"It's the same with surrender and acceptance. We surrender when we acknowledge our powerlessness. Slowly, we come to believe that a Power greater than ourselves can give us the care we need. Surrender turns to acceptance when we let this Power into our lives. We examine ourselves and let our God see us as we are. Having allowed the God of our understanding access to the depths of ourselves, we accept more of God's care. We ask this Power to relieve us of our shortcomings and help us amend the wrongs we've done. Then, we embark on a new way of life, improving our conscious contact and accepting our Higher Power's continuing care, guidance, and strength.

"Surrender, like infatuation, can be the beginning of a lifelong relationship. To turn surrender into acceptance, however, we must let the God of our understanding take care of us each day.

"Just for today: My recovery is more than infatuation. I have surrendered."

Just For Today Daily Meditation
Narcotics Anonymous ©1991 by World Service Office Inc.

November 10, 2008

Maintain Contact with the Memory of the Pain

"The fact is that most alcoholics, for reasons yet obscure, have lost the power of choice in drink. Our so-called will power becomes practically nonexistent. We are unable, at certain times, to bring into our consciousness with sufficient force the memory of the suffering and humiliation of even a week or a month ago. We are without defense against the first drink."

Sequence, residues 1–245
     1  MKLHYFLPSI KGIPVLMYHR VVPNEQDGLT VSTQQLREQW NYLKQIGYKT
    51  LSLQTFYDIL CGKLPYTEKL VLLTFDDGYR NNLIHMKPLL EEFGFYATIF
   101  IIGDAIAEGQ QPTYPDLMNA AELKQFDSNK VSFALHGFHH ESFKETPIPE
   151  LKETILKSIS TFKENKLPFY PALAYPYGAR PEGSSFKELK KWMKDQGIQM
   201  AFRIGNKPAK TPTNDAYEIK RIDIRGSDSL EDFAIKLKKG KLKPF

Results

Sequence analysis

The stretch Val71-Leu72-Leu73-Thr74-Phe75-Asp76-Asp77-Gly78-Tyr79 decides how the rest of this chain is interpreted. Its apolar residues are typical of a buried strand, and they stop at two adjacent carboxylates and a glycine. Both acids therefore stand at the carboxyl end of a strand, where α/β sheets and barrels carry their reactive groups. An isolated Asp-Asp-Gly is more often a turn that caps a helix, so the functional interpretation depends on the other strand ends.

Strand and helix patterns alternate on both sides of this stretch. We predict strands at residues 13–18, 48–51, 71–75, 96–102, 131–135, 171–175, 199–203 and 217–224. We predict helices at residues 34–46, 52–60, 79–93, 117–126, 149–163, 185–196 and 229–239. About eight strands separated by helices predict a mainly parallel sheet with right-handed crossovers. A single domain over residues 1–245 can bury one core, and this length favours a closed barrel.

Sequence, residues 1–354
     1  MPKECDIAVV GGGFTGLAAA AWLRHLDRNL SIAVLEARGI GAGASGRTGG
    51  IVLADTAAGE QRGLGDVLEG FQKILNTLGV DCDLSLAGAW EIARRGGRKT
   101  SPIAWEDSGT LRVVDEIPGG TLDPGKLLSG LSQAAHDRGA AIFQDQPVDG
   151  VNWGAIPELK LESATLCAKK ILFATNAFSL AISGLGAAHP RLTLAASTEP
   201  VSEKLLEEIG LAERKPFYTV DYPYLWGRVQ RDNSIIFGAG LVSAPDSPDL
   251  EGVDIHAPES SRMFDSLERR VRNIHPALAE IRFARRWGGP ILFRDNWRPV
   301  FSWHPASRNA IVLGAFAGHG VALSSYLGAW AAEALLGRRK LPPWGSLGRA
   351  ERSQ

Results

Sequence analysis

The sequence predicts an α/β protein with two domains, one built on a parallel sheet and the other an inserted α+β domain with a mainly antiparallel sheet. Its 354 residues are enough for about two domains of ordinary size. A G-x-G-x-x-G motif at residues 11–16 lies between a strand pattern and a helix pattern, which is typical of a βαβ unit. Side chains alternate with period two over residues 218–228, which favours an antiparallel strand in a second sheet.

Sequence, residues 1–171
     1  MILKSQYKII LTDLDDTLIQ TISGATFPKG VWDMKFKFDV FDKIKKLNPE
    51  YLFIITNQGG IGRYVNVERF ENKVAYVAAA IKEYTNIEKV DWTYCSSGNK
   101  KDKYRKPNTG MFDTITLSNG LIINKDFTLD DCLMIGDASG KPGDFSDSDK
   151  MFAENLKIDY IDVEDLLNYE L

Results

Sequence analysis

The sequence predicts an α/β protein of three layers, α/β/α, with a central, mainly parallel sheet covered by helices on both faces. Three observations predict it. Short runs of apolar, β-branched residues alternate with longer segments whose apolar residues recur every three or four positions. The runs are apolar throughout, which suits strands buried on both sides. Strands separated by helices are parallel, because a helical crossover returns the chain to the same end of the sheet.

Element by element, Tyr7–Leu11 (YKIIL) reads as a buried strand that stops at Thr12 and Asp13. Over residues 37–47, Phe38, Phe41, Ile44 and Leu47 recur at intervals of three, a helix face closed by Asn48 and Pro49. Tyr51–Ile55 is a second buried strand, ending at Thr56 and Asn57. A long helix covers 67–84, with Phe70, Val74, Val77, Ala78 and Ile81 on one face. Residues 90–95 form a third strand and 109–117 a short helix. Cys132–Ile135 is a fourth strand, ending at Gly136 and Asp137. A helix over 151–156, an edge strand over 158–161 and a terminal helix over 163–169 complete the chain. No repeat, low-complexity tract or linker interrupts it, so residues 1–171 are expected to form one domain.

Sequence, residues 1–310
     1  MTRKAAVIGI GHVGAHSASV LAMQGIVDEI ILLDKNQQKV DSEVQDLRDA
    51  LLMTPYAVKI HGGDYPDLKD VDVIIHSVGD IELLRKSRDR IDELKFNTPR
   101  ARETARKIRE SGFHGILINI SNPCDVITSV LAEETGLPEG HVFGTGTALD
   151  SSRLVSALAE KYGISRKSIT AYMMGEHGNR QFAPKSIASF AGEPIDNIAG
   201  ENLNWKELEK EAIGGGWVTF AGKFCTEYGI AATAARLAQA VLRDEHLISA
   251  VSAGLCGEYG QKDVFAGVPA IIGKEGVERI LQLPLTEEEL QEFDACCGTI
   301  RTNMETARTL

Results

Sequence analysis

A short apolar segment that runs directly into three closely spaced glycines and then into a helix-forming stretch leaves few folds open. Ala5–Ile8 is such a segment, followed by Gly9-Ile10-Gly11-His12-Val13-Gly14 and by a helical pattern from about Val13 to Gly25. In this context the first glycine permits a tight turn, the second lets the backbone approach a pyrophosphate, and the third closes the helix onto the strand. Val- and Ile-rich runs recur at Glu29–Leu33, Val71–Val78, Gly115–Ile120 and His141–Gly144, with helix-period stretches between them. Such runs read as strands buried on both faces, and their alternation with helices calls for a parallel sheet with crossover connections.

~Alcoholics Anonymous, 4th Edition, There Is A Solution, pg. 24~

Pupils in the Great School of Life

"I don't think happiness or unhappiness is the point. How do we meet the problems we face? How do we best learn from them and transmit what we have learned to others, if they would receive the knowledge?

"On my view, we of this world are pupils in a great school of life. It is intended that we try to grow, and that we try to help our fellow travelers to grow in the kind of love that makes no demands. In short, we try to move toward the image and likeness of God as we understand Him.

"When pain comes, we are expected to learn from it willingly, and help others to learn. When happiness comes, we accept it as a gift, and thank God for it."

Letter, 1950
from "As Bill Sees It"
Is Happiness The Goal?, p. 306